There is ( in my opinion) just a rare amount of other jobs out there which have such a high impact on society and the environment as the one of the architect – They are the designers of our world and that was and is so and will probably always start so. You could say that they have so much power over us through their creations that they are god-like.
Geodesic Dome City (1968) – Buckminster Fuller
Kisho Kurokawa Nakagin Capsule 1972
I mean through the way they design something, they control or led a huge part of our lives; where we eat, sit, work, walk, where the kitchen is located of if there is space or not for another chair. It seem to be ridiculous tiny details and we do not think about them, but ‘they’ did and control us in this way. They form the world as they imagine Denise Scott Brown said once ‘architects can’t force people to connect, it can only plan the crossing points, remove barriers, and make the meeting places useful and attractive”
However, during the early and then late-mid 20s century the movement was more than noticeable, in the desperate need of living spaces after the war architects became the constructors of the world. Architects such as Corbusier or Gropius changes the image of cities – they build a new society. But the real boom years where after the second World War – Buildings where new invented. There was so much space, so many possibilities and the wish for a better world. But then the space was filled and the plans remained on paper, and so more and more fantastic, utopian megastructures depicting imaginary worlds stayed fiction for forever.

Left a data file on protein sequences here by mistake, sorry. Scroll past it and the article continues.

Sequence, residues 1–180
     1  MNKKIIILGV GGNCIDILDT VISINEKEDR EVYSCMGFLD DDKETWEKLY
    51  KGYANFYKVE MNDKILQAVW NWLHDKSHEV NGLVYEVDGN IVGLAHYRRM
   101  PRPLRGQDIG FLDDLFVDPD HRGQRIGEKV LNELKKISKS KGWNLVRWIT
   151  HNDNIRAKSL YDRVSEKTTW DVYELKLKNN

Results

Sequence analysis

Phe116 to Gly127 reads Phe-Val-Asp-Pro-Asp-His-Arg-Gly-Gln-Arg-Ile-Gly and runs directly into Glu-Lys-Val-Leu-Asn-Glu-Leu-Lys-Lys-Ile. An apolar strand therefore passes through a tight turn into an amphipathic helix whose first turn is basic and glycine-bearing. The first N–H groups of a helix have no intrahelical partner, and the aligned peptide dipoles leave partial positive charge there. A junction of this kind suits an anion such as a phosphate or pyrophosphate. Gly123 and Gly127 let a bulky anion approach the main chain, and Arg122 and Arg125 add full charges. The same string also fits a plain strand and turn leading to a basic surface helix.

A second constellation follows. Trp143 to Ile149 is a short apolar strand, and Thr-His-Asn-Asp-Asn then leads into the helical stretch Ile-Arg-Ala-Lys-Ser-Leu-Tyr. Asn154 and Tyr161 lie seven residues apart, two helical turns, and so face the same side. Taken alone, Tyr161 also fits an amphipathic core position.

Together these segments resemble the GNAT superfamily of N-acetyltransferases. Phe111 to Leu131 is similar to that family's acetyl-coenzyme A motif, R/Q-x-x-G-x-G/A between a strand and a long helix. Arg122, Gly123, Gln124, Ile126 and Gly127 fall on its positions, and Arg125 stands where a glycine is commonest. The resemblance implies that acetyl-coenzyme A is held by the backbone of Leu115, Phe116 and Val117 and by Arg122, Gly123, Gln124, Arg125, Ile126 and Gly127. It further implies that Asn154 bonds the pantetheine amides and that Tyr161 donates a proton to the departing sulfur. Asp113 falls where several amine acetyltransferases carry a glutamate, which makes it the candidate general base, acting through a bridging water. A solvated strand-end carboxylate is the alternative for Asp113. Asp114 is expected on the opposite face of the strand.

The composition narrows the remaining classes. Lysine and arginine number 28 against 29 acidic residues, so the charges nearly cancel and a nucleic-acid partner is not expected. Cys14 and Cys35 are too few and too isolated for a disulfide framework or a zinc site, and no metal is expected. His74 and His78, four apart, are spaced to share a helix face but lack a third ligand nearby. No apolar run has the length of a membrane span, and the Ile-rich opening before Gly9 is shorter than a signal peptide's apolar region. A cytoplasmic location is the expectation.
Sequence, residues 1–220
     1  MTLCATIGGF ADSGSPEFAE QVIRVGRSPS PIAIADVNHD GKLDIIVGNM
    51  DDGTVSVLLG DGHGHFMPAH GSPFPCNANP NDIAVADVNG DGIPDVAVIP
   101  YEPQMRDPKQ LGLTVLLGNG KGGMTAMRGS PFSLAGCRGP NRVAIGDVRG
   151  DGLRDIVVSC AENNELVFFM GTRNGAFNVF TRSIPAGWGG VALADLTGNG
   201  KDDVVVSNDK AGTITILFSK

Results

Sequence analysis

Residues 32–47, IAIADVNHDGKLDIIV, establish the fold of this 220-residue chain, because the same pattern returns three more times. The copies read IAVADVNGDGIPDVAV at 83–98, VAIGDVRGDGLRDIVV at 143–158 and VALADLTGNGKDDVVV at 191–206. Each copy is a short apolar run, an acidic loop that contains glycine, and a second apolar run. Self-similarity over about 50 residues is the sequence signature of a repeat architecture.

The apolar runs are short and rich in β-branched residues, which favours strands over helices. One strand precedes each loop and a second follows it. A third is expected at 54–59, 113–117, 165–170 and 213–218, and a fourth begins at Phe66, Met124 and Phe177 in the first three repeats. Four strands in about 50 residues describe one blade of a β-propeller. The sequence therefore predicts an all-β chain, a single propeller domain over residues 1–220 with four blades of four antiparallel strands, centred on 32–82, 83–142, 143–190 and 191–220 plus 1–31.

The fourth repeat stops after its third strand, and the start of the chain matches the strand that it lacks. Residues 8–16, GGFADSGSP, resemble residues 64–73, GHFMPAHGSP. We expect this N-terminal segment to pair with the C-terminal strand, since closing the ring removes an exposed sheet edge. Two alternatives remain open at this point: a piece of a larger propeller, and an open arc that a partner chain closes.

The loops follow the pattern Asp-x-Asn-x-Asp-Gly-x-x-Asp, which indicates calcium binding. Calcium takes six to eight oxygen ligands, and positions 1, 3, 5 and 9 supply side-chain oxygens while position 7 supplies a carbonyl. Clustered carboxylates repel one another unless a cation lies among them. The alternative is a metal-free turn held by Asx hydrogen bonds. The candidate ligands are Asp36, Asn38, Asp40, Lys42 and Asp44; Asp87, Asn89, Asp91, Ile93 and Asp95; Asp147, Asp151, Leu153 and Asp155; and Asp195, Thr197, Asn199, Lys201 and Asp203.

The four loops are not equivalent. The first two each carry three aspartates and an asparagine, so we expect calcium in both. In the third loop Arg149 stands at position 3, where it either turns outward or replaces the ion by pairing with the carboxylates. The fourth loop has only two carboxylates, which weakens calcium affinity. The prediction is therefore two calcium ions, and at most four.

Jahsonic (no date) Visionary architecture. Available at: http://contemporaryjapaneseart.blogspot.co.uk/2011/10/utopian-modernity.html (Accessed: 24.01.2017)
Rendzner, M. (2011) architecture: utopian modernity. Available at: http://www.jahsonic.com/VisionaryArchitecture.html (Accessed: 24.01.2017)
Tamas, A. (2011) Interview: Robert Venturi & Denise Scott Brown. Available at: http://www.archdaily.com/130389/interview-robert-venturi-denise-scott-brown-by-andrea-tamas/ (Accessed: 24.01.2017)